International artists include Christian Fuchs, who is based in Lima, Peru; British photographer Laura Stevens, who is based in Paris; and Essaydi, who grew up in Morocco and now lives in the United States.

Heard met Fuchs when she participated in Art Lima in 2014. In the photographic portrait Doña Natividad Martinez de Pinillos Cacho y Lavalle (2014), Fuchs appears in drag, dressed as one of his ancestors. He recreates his great-great-aunt’s period clothing and jewelry and wears them to create an uncanny resemblance. Fuchs has also dressed as his forebear, Dorothea Viehmann, who is famous in Germany for being a storyteller for the brothers Grimm. Fuchs’ costumed pose mimics the monument in her hometown.

Doña Natividad Martinez de Pinillos Cacho y Lavalle, 2014. Photograph on cotton paper; framed.
Doña Natividad Martinez de Pinillos Cacho y Lavalle, 2014. Photograph on cotton paper; framed. Credit: Courtesy / Christian Fuchs

Fox’s feminist fairy tales feature weird creatures and mysterious narratives that embody the paradoxical notions of femininity. Stylistically, Fox draws the viewer in with an element of beauty and then thwarts traditional stereotypes with an unexpected freakishness. Her stop-motion animation video, She’s Alright (2017), with music by Jared Theis, features a four-legged woman wearing a coral headdress. In a shot of the woman’s headdress from above, little red worms peek in and out of the coral’s blue holes, fears and anxieties rendered into visible, figurative forms. We see the woman from the front again as worms slither out. She catches them in her hand, holding them carefully. They morph into objects like pink snails and crawl across the carpet.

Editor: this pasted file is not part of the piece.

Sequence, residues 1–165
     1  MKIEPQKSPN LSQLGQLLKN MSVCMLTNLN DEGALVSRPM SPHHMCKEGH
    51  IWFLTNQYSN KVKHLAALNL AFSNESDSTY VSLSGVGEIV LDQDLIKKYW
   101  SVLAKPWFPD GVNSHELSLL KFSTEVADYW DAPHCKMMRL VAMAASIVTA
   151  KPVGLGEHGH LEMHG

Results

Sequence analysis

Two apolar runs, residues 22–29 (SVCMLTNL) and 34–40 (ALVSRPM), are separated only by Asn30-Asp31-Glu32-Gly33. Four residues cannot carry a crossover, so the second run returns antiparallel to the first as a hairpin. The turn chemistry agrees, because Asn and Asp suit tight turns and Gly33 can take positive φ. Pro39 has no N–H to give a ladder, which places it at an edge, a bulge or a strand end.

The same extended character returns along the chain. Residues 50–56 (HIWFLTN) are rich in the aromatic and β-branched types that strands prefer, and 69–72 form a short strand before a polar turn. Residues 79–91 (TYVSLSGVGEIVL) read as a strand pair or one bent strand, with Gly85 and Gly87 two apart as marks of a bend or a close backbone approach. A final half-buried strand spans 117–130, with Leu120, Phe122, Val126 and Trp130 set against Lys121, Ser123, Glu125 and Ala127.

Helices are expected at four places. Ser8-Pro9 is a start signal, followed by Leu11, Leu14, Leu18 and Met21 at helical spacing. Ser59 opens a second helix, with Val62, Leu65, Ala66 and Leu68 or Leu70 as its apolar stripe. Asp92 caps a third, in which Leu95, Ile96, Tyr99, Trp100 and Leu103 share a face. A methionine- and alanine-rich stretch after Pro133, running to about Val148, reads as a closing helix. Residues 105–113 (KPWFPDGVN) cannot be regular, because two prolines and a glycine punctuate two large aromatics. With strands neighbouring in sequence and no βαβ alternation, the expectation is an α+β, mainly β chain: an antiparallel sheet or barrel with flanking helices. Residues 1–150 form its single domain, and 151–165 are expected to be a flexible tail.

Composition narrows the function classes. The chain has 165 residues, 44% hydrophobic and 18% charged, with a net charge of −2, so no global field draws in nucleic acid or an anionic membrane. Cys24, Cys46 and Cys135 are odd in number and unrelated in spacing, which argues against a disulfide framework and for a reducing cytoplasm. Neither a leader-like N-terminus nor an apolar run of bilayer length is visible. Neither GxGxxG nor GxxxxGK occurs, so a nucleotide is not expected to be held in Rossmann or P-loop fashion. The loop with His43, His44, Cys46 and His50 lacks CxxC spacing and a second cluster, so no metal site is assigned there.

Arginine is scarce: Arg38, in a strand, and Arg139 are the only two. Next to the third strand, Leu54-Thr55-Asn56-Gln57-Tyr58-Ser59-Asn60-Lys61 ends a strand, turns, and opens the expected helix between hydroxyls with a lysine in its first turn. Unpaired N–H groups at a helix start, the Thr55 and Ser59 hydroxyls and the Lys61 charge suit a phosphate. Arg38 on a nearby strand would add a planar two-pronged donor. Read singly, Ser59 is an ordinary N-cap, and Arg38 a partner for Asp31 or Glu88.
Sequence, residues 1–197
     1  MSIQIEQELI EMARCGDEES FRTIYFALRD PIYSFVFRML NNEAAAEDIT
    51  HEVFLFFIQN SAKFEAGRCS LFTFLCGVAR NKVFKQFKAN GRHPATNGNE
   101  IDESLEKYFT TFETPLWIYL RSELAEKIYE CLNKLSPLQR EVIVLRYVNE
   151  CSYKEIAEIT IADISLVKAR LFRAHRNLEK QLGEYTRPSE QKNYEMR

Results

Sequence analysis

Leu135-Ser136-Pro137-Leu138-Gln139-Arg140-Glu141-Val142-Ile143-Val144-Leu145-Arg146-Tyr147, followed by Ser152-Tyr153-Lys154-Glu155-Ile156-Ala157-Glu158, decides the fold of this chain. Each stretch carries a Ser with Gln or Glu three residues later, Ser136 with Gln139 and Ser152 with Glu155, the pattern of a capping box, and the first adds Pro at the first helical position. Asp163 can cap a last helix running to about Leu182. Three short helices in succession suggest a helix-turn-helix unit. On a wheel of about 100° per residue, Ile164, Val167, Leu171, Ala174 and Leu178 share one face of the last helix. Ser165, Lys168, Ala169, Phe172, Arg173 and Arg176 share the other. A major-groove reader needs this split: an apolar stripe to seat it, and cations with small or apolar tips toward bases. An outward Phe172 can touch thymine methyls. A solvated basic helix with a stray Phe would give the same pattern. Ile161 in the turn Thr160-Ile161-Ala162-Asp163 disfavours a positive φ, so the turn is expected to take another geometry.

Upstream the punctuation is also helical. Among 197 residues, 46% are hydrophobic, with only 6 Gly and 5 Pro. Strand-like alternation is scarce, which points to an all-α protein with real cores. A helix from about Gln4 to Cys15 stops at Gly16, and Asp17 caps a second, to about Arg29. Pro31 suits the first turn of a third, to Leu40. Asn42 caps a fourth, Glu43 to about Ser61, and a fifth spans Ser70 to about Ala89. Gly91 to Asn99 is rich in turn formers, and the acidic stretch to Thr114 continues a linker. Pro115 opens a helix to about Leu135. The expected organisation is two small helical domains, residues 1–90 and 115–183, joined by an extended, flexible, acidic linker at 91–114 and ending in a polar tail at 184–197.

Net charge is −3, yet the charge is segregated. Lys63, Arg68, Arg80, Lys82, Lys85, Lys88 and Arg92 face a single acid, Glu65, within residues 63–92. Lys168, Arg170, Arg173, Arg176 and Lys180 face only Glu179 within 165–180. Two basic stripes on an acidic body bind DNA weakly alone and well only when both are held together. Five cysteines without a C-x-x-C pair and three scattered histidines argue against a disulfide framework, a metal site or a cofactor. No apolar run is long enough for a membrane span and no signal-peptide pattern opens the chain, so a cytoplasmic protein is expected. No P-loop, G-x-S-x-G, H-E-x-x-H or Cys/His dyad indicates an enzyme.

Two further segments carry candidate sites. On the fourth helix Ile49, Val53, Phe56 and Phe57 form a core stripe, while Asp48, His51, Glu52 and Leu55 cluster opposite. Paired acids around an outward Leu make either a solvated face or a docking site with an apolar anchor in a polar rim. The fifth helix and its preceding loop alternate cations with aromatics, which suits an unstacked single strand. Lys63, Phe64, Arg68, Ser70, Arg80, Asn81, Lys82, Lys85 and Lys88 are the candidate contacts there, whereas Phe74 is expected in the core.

Fox’s collage, Guardian (2017), features recognizable elements from the video: A little girl, wearing a lacy white dress, is also capped with a blue coral headdress. The girl has extra arms – she holds her two hands up to her mouth in a gesture of worry, but in place of legs she is bolstered instead by a giant fist. Her other leg, which is actually another arm, is holding hands with a hog that’s sitting next to her. The image reminds me of how the word feminine hides inside the word feminist, the frilly connotations quivering up against feminist’s armored tone.

Guardian, 2017. Collage on paper; framed.
Guardian, 2017. Collage on paper; framed. Credit: Courtesy / Sarah Fox